An open-label, multicenter, global, phase II basket study of entrectinib (STARTRK-2) is now underway and is enrolling patients with tumors harboring gene rearrangements in NTRK, ROS1, or ALK, including those with PTC (NCT02568267). Lin is a principal investigator on the STARTRK-2 trial, which is ongoing in 16 countries across the United States, Europe, and Asia.
Targeted Therapies Necessary for Patients With Rearrangements
Lin explained current treatment options for patients with PTC that is refractory to standard therapy and how targeted therapies may compare. “The standard therapy for radioactive iodine-refractory papillary thyroid cancer is sorafenib or lenvatinib,” Lin said, although neither of these agents have demonstrated papillary thyroid activity in a subpopulation driven by NTRK, ROS1, ALK, or other driver mutations. He also noted that the safety profiles of these agents are not trivial. For example, with sorafenib, Lin cited some of the treatment-emergent AEs (any grade) that occurred in over 98% of the patients in the DECISION trial, most commonly hand-foot skin reaction, diarrhea, alopecia, and rash or desquamation;15 similarly, with lenvatinib in the SELECT trial, treatment-emergent AEs (any grade) occurred in over 40% of the patients, including hypertension, diarrhea, fatigue/asthenia, decreased appetite, decreased weight, and nausea.16
He emphasized that growth-promoting proto-oncogenes and growth-inhib- iting tumor suppressor genes have been detected in PTCs. “Activation of the MAP kinase pathway is a feature of most papillary carcinomas, and can occur by either fusions of RET (20%-40%), NTRK1 (5%-10%), or activating mutations in BRAF V600E (45%-70%).”
“Targeted therapy against these molecules is as effective, or more effective, than sorafenib or lenvatinib, which are multi-targeted tyrosine kinase inhibitors inclusive of vascular endothelial growth factor receptor,” he said. As such, Lin believes that targeted therapy against these molecules could lead to fewer side effects, as compared with sorafenib or lenvatinb.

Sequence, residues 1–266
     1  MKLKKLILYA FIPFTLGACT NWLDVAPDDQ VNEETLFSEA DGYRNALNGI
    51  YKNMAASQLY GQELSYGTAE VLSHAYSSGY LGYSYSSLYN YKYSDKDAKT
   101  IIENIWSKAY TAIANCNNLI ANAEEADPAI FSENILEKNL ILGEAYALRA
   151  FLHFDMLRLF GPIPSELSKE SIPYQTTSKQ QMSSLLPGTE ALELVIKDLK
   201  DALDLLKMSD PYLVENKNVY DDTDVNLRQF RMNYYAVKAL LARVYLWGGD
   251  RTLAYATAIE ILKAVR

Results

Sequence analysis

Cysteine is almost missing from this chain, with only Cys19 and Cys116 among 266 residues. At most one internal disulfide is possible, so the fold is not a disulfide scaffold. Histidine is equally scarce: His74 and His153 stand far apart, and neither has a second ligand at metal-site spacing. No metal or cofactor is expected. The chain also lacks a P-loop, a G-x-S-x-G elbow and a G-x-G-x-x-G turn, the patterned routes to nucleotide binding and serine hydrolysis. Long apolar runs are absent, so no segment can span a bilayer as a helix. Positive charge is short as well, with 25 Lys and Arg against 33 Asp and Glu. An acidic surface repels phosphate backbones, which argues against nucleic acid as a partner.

Emerging results from clinical trials may pave the way for more targeted treatment for patients with PTC whose tumors harbor NTRK rearrangements. Likewise, the availability of these targeted therapies will likely expand the use of molecular testing in PTC to identify important subgroups of patients who may be eligible for these trials and may benefit from these targeted treatments.
- Shi X, Liu R, Basolo F, et al. Di erential clinicopathological risk and prognosis of major papillary thyroid cancer variants. J Clin Endocrinol Metab. 2016;101:264–7
- Shaw AT, Hsu PP, Awad MM, et al. Tyrosine kinase gene rearrangements in epithelial malignancies. Nat Rev Cancer. 2013;13(11):772-787.
- Yoshihara K, Wang Q, Torres-Garcia W, et al. The landscape and therapeutic relevance of cancer-associated transcript fusions. Oncogene. 2015; 34(37):4845-4854.
- Nakagawara A. Trk receptor tyrosine kinases: a bridge between cancer and neural development. Cancer Lett. 2001; 169(2):107-114.
- Thiele CJ, Li Z, McKee AE. On Trk--the TrkB signal transduction pathway is an increasingly important target in cancer biology. Clin Cancer Res. 2009;15(19):5962-5967.
- Greco A, Miranda C, Pierotti MA. Rearrangements of NTRK1 gene in papillary thyroid carcinoma. Mol Cell Endocrinol. 2010; 321(1):44-9.
- Leeman-Neill RJ, Kelly LM, Liu P, et al. ETV6-NTRK3 is a common chromosomal rearrangement in radiation-associated thyroid cancer. Cancer. 2014; 120(6):799-807.
- Ricarte-Filho JC, Li S, Garcia-Rendueles ME, et al. Identi cation of kinase fusion oncogenes in post-Chernobyl radiation- induced thyroid cancers. J Clin Invest. 2013;123(11):4935-44.
- Prasad ML, Vyas M, Horne MJ, et al. NTRK fusion oncogenes in pediatric papillary thyroid carcinoma in northeast United States. Cancer. 2016;122(7):1097-1107.
- Bongarzone I, Pierotti MA, Monzini N, et al. High frequency of activation of tyrosine kinase oncogenes in human papil- lary thyroid carcinoma. Oncogene. 1989; 4:1457-1462
- Musholt TJ, Musholt PB, Khaladj N, et al. Prognostic signi cance of RET and NTRK1 rearrangements in sporadic papil- lary thyroid carcinoma. Surgery. 2000; 128:984-993.
- Drilon A, De Braud FG, Siena S, et al. Entrectinib, an oral pan-Trk, ROS1, and ALK inhibitor in TKI-naïve patients with advanced solid tumors harboring gene rearrangements—updated phase 1 results. Presented at: 2016 AACR Annual Meet- ing; April 16-20, 2016; New Orleans, LA. Abstract CT007.
- Sartore-Bianchi A, Ardini E, Bosotti R, et al. Sensitivity to Entrectinib Associated With a Novel LMNA-NTRK1 Gene Fusion in Metastatic Colorectal Cancer. J Natl Cancer Inst. 2015;108(1).
- Farago AF, Le LP, Zheng Z, et al. Durable Clinical Response to Entrectinib in NTRK1-Rearranged Non-Small Cell Lung Cancer. J Thorac Oncol. 2015;10(12):1670-1674.
- Brose MS, Nutting CM, Jarzab B, et al.; DECISION investigators. Sorafenib in radioactive iodine-refractory, locally advanced or metastatic di erentiated thyroid cancer: a randomised, double-blind, phase 3 trial. Lancet. 2014;384(9940):319-328.
- Schlumberger M, Tahara M, Wirth LJ, et al. Lenvatinib versus placebo in radioiodine-refractory thyroid cancer. N Engl J Med. 2015;372(7):621-630.